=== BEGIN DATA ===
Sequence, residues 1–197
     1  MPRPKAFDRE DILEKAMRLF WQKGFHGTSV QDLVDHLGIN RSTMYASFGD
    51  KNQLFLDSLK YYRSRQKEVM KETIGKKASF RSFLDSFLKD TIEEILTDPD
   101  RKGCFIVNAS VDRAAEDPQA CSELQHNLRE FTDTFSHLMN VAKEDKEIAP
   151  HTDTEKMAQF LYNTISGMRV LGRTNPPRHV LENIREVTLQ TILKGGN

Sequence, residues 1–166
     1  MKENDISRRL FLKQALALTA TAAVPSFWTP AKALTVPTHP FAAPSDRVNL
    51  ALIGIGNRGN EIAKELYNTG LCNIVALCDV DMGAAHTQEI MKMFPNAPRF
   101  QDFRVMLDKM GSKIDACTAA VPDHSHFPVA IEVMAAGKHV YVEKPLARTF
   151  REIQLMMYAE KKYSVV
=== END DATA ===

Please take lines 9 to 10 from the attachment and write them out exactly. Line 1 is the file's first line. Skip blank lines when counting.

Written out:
   101  QDFRVMLDKM GSKIDACTAA VPDHSHFPVA IEVMAAGKHV YVEKPLARTF
   151  REIQLMMYAE KKYSVV